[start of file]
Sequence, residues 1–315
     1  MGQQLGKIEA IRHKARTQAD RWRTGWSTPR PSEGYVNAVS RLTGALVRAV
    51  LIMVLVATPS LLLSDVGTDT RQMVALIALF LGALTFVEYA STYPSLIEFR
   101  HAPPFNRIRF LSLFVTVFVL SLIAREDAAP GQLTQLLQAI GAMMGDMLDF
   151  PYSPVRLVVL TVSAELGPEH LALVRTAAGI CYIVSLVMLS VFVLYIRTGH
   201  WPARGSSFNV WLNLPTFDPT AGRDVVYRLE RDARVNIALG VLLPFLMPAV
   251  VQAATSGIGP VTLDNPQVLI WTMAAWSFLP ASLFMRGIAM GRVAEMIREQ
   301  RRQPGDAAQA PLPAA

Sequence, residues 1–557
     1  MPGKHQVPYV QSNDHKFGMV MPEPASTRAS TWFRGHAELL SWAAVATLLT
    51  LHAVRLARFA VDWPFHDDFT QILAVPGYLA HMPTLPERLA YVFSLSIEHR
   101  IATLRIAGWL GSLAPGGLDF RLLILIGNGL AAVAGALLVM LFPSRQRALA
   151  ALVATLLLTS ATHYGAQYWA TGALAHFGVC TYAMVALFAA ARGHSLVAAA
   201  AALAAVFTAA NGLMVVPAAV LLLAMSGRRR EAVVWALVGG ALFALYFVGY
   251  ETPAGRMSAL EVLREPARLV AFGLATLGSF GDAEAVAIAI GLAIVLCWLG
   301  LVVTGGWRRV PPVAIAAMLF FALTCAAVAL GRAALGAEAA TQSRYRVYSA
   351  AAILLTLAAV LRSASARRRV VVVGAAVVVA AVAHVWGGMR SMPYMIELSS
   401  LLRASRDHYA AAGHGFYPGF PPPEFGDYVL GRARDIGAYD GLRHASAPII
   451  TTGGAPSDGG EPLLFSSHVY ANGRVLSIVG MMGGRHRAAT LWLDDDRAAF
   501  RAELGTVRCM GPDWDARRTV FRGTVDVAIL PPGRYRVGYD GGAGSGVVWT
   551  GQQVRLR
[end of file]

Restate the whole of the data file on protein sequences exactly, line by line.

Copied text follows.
Sequence, residues 1–315
     1  MGQQLGKIEA IRHKARTQAD RWRTGWSTPR PSEGYVNAVS RLTGALVRAV
    51  LIMVLVATPS LLLSDVGTDT RQMVALIALF LGALTFVEYA STYPSLIEFR
   101  HAPPFNRIRF LSLFVTVFVL SLIAREDAAP GQLTQLLQAI GAMMGDMLDF
   151  PYSPVRLVVL TVSAELGPEH LALVRTAAGI CYIVSLVMLS VFVLYIRTGH
   201  WPARGSSFNV WLNLPTFDPT AGRDVVYRLE RDARVNIALG VLLPFLMPAV
   251  VQAATSGIGP VTLDNPQVLI WTMAAWSFLP ASLFMRGIAM GRVAEMIREQ
   301  RRQPGDAAQA PLPAA

Sequence, residues 1–557
     1  MPGKHQVPYV QSNDHKFGMV MPEPASTRAS TWFRGHAELL SWAAVATLLT
    51  LHAVRLARFA VDWPFHDDFT QILAVPGYLA HMPTLPERLA YVFSLSIEHR
   101  IATLRIAGWL GSLAPGGLDF RLLILIGNGL AAVAGALLVM LFPSRQRALA
   151  ALVATLLLTS ATHYGAQYWA TGALAHFGVC TYAMVALFAA ARGHSLVAAA
   201  AALAAVFTAA NGLMVVPAAV LLLAMSGRRR EAVVWALVGG ALFALYFVGY
   251  ETPAGRMSAL EVLREPARLV AFGLATLGSF GDAEAVAIAI GLAIVLCWLG
   301  LVVTGGWRRV PPVAIAAMLF FALTCAAVAL GRAALGAEAA TQSRYRVYSA
   351  AAILLTLAAV LRSASARRRV VVVGAAVVVA AVAHVWGGMR SMPYMIELSS
   401  LLRASRDHYA AAGHGFYPGF PPPEFGDYVL GRARDIGAYD GLRHASAPII
   451  TTGGAPSDGG EPLLFSSHVY ANGRVLSIVG MMGGRHRAAT LWLDDDRAAF
   501  RAELGTVRCM GPDWDARRTV FRGTVDVAIL PPGRYRVGYD GGAGSGVVWT
   551  GQQVRLR